Oh well, it's only a bunch of old time Star Wars fans that are gonna grumble.

Comment: So what happens now.. (Score 1, Flamebait) 179

by Rexdude (#41950381) Attached to: Apple and HTC Settle Patent Dispute

..HTC phones come with an added Apple Tax? The article doesn't mention what the patents in question were. I have a One X, and I'll say this - If I had to choose a manufacturer skin I'd go with Sense anyday over Samsung's Touchwiz. Can't imagine what HTC might have copied off Apple if it's UI related. They have a fully customizable home screen, themes, skins, extra widgets...none of which you'll find on any iPhone.

Comment: Google killed the standalone IM market.. (Score 1) 213

by Rexdude (#41907921) Attached to: Microsoft Retiring Messenger, Replacing It With Skype

...back when they introduced chat within Gmail. Suddenly people who could not install chat clients at work due to IT policies were perfectly able to chat with other Gmail users. I used to be a big user of Yahoo messenger, ever since web based chat started hardly anyone I know uses it anymore. As for MSN/Live, the less said the better - old accounts seem to have been taken over for spam. It took several years for Yahoo to play catch up and offer chat within their webmail, but it's too late.
(This of course excludes IRC users and those who have their own Jabber setups).
I now use the open source Windows client Miranda IM - fully featured, has a 64bit version, supports all popular networks including Jabber and extensible via plugins.

Comment: Re:Perhaps what we need is.... (Score 1) 119

by Rexdude (#41859687) Attached to: Has the Mars Rover Sniffed Methane?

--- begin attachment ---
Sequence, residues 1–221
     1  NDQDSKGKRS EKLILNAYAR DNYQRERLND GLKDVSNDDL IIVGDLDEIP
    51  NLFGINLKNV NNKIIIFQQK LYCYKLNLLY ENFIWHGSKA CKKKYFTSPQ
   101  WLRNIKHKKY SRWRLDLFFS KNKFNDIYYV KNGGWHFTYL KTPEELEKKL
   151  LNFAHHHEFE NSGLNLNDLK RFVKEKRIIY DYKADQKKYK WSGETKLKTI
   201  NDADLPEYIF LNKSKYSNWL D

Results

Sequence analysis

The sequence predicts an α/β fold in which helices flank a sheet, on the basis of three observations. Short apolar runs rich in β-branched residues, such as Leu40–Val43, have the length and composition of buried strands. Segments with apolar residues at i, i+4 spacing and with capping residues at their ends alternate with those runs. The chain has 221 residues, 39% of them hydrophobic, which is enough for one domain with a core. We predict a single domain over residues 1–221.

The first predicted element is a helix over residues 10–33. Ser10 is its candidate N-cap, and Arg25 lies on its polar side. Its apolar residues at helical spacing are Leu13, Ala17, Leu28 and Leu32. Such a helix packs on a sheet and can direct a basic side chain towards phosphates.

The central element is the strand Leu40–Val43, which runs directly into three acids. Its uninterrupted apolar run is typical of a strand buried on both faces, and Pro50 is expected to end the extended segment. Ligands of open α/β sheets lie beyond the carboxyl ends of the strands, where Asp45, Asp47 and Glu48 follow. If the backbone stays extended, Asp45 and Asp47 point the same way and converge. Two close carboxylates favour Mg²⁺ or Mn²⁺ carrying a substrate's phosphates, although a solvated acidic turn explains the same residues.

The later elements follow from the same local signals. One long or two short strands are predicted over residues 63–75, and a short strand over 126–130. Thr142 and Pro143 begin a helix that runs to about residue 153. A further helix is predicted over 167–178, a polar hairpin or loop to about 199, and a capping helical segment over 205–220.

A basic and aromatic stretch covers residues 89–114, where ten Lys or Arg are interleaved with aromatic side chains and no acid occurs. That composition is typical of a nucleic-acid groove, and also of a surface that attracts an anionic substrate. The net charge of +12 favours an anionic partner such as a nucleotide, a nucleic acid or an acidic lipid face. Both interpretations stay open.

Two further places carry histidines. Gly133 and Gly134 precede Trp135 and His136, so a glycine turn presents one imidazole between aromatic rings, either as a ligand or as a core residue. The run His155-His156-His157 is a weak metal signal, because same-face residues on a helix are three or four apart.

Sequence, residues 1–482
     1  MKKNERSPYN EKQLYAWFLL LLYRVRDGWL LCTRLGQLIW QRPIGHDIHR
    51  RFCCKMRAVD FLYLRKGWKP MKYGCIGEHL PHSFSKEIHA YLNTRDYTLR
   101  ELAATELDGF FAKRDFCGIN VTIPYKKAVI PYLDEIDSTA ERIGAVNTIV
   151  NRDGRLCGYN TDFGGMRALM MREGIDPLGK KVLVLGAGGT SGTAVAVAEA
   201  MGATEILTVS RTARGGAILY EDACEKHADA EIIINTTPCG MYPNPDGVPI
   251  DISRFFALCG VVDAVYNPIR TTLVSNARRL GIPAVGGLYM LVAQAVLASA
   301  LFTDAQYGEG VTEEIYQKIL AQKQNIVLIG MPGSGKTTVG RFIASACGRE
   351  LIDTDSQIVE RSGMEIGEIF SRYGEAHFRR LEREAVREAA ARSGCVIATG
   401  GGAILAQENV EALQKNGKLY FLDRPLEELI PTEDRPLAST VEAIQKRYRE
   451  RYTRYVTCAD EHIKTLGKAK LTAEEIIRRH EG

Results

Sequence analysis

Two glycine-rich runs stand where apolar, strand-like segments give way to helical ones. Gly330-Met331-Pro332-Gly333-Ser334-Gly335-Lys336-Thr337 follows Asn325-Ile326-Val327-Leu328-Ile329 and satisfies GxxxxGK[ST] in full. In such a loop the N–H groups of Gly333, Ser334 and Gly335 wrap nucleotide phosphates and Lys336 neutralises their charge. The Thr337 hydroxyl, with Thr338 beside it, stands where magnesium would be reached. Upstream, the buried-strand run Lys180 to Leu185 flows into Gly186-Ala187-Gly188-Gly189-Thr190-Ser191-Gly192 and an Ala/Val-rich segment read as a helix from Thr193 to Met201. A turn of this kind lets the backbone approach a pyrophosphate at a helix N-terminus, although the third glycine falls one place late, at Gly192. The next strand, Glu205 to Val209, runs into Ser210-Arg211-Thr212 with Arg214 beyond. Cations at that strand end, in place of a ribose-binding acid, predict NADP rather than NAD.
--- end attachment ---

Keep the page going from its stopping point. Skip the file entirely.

The Valles Marineres too, and doubtless other sites yet to be discovered. Yet another Martian plain, however, does not warrant UNESCO galactic heritage status, and even if it did I would still dispute your assertion that a little remote-controlled buggy driving over it is somehow ruining it forever.

Interesting you mentioned this, as it is depicted as a constant point of conflict in Kim Stanley Robinson's Mars trilogy - where one group of settlers is violently opposed to the ongoing terraforming of Mars and argue that humans have no right to change its pristine state.

Speaking of the Drake equation, I think we have to content ourselves with exploring whatever prospect of life there is in our solar system only. If not Mars then Europa holds the next big hope of finding life in its ice locked sea. All the breathless announcements of yet another Earth like exoplanet are of no use unless someone invents warp drive or FTL propulsion so that one can get there(forget about radio communications at that range) in a time period that's not measured in centuries.
For some perspective, the farthest man made object Voyager 1 is just around 17 light hours away after 35 years of travel. In stellar terms it's barely gotten up from the couch, much less left home!

It is not every question that deserves an answer. -- Publilius Syrus